discursive

Definition from Wiktionary, the free dictionary
Jump to navigation Jump to search

English[edit]

Etymology[edit]

Borrowed from Middle French discursif, formed from the stem of Latin discursus and the suffix -if, and in part borrowed from Medieval Latin discursivus.

Pronunciation[edit]

Adjective[edit]

discursive (comparative more discursive, superlative most discursive)

  1. (of speech or writing) Tending to digress from the main point; rambling.
    • 1992, Rudolf M[athias] Schuster, The Hepaticae and Anthocerotae of North America: East of the Hundredth Meridian, volume V, New York, N.Y.: Columbia University Press, →ISBN, page viii:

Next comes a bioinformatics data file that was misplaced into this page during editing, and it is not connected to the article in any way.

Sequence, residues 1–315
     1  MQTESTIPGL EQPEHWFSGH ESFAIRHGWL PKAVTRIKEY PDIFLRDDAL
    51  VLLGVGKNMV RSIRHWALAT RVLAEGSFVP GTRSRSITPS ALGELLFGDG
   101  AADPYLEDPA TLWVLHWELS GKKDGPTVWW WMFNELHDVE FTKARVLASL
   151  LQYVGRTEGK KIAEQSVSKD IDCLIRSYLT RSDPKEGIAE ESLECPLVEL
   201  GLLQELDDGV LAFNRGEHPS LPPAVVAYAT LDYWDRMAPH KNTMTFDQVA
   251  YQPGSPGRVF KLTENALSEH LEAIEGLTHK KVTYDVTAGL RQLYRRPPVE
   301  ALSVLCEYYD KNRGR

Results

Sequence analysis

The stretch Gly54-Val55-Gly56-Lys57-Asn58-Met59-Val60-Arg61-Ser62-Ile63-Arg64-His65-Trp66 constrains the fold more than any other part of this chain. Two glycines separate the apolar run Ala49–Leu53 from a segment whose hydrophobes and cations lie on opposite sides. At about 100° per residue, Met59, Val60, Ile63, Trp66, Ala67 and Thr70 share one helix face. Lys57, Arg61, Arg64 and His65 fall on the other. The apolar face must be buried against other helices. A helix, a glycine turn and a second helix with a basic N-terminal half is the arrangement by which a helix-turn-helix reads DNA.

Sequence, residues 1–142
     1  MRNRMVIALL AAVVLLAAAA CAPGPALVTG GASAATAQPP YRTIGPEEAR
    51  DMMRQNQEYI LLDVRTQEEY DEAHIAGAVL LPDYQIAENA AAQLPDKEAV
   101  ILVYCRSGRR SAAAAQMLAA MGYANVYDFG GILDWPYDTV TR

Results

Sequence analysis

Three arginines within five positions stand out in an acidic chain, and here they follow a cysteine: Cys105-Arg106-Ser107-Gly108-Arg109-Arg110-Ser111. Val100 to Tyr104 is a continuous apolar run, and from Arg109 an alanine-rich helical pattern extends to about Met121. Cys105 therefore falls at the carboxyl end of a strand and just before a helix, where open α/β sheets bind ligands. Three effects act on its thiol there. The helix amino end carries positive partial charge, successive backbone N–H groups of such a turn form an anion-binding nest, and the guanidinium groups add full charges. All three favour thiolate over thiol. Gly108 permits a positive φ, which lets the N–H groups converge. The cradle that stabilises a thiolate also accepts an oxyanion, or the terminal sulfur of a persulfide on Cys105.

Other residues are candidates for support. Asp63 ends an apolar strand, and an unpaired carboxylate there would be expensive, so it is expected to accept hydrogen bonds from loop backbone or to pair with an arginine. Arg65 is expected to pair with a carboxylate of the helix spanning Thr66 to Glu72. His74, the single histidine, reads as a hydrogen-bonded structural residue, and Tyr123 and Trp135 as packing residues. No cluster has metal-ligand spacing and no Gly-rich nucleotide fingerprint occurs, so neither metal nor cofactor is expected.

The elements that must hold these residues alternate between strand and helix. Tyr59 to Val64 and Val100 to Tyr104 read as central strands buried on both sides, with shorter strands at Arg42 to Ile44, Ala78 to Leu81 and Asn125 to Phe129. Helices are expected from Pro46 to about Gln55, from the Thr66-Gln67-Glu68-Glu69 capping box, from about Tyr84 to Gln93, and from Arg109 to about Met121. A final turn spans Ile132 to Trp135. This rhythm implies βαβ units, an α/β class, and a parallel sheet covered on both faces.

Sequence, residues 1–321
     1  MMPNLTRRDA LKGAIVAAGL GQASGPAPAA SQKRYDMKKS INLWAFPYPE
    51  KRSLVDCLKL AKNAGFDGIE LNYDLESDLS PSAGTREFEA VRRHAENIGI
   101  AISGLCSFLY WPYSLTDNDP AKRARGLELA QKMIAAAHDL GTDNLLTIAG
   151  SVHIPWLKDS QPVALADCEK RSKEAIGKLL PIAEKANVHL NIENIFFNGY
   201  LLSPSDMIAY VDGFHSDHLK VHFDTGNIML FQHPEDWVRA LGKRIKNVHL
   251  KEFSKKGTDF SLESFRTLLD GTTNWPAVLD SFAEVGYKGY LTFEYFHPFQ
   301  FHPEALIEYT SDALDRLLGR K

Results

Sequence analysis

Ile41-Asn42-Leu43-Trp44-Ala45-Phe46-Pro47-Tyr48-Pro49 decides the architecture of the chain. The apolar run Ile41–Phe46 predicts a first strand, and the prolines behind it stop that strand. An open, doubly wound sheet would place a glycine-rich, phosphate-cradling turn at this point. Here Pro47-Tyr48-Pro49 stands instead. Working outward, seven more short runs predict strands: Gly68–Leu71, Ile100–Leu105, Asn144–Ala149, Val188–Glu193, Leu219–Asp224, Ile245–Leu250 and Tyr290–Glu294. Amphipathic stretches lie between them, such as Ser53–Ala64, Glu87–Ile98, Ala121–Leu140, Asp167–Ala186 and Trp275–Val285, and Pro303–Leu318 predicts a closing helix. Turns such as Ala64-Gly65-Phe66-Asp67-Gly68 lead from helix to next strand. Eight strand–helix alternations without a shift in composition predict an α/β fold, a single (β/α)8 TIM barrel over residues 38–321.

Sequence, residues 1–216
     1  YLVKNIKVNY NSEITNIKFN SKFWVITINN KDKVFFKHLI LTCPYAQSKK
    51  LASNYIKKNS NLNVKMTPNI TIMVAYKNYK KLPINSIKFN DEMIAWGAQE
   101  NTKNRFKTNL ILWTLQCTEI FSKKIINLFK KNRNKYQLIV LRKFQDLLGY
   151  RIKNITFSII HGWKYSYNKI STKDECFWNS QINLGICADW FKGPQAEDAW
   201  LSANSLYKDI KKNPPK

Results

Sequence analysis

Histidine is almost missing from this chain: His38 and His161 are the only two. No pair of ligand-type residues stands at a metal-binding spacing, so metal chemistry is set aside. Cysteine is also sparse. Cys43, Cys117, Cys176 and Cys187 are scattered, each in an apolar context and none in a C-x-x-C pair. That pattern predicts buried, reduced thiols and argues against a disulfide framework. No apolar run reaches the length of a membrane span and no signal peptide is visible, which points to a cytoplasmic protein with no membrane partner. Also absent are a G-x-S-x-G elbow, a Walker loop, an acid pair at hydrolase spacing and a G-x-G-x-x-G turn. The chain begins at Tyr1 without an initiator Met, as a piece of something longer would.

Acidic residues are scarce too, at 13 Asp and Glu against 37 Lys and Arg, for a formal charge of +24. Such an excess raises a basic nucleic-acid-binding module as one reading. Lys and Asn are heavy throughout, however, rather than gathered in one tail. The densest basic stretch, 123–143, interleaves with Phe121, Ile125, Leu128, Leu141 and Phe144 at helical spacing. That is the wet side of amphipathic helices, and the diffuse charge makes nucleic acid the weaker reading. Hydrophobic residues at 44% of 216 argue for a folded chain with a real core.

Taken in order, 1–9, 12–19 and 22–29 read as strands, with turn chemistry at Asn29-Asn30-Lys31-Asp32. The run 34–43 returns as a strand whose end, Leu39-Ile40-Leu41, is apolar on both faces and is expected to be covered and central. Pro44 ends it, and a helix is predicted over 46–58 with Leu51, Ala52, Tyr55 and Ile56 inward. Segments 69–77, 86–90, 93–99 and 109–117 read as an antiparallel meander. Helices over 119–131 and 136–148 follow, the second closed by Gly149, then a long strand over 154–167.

This means, at times, long and perhaps overly discursive discussions of other taxa.
  2. (philosophy) Using reason and argument rather than intuition.

Derived terms[edit]

Related terms[edit]

Translations[edit]

The translations below need to be checked and inserted above into the appropriate translation tables, removing any numbers. Numbers do not necessarily match those in definitions. See instructions at Wiktionary:Entry layout § Translations.

See also[edit]

Anagrams[edit]


French[edit]

Adjective[edit]

discursive

  1. feminine singular of discursif

Latin[edit]

Adjective[edit]

discursīve

  1. vocative masculine singular of discursīvus